Your tongue will be tender and somewhat painful during the period that it’s swollen. Fortunately, this stage usually only lasts about 5 days. Some swelling may remain for the full first week, but it should go down soon after that.

Once the swelling is gone, you may continue to experience brief periods of pain if you tug at or bite down on your tongue jewelry, until it’s fully healed at about 3 to 4 weeks.

What Factors Can Affect Tongue Piercing Pain?

If you’re still on the fence about whether you want to get a tongue piercing, know that there are factors that can in part determine how much pain you experience.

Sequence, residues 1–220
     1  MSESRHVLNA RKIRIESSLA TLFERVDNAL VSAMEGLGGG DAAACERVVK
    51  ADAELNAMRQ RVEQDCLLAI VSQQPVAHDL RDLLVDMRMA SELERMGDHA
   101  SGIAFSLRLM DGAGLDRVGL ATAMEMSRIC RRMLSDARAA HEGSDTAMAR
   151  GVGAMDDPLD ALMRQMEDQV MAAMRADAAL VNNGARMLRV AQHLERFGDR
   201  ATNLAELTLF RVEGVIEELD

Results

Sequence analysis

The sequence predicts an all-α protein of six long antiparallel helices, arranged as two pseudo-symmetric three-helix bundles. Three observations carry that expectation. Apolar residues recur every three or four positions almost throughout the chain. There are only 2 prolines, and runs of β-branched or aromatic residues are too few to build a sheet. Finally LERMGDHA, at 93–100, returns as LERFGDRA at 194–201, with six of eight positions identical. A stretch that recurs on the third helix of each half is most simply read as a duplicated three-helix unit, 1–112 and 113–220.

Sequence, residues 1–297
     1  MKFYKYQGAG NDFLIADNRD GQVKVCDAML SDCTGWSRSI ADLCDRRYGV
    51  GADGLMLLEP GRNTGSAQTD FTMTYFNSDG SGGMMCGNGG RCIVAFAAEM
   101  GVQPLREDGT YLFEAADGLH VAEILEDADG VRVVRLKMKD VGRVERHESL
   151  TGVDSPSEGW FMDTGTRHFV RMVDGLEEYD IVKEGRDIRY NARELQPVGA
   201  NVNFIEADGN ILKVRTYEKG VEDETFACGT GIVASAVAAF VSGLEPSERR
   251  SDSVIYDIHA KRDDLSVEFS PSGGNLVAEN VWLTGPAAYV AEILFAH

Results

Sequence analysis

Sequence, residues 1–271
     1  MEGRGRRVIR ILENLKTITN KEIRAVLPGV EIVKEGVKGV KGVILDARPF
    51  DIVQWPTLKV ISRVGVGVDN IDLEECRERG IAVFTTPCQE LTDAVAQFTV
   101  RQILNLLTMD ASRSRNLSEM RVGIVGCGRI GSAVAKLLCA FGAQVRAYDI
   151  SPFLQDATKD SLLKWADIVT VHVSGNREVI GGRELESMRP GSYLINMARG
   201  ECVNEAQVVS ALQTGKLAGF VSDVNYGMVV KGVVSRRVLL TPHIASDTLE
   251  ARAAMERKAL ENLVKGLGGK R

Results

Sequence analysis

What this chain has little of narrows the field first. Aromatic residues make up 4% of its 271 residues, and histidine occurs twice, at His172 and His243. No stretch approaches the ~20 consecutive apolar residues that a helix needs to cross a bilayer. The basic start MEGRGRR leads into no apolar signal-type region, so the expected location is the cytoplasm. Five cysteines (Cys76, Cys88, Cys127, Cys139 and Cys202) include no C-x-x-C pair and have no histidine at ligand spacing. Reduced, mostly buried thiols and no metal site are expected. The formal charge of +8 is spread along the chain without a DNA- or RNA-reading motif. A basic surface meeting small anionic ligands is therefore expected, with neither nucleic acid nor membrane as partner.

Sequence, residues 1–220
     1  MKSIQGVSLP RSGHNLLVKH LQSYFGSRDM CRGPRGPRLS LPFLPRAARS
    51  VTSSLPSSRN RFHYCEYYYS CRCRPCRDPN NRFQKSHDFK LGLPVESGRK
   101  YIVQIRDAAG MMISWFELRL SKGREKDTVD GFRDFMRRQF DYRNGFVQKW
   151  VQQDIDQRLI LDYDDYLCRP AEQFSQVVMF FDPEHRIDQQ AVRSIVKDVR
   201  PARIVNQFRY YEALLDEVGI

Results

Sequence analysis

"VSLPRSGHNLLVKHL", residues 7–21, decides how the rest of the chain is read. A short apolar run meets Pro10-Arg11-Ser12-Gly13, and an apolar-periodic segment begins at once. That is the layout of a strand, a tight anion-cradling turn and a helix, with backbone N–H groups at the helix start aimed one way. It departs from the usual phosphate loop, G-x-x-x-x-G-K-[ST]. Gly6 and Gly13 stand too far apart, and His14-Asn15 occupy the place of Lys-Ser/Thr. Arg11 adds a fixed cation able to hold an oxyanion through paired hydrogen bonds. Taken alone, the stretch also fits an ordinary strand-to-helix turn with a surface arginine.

• How rested you are; showing up after a week of sleep deprivation is likely to result in a more difficult and painful piercing experience
  • Your current state of health; again, tongue piercing involves swelling, which will be worse if you’re not in your best health at the time you get it pierced
  • ​Whether you had alcohol or drugs beforehand; these substances alter your nerve perceptions and may actually make the pain more noticeable
  • ​The experience level of your piercer; if you get pierced in the wrong place, you’re likely to experience more pain or complications
  • Whether you get just one piercing, or decide to go for a double tongue piercing (which would double the amount of pain during the procedure)
  • ​Your personal threshold for pain; some tolerate pain better than others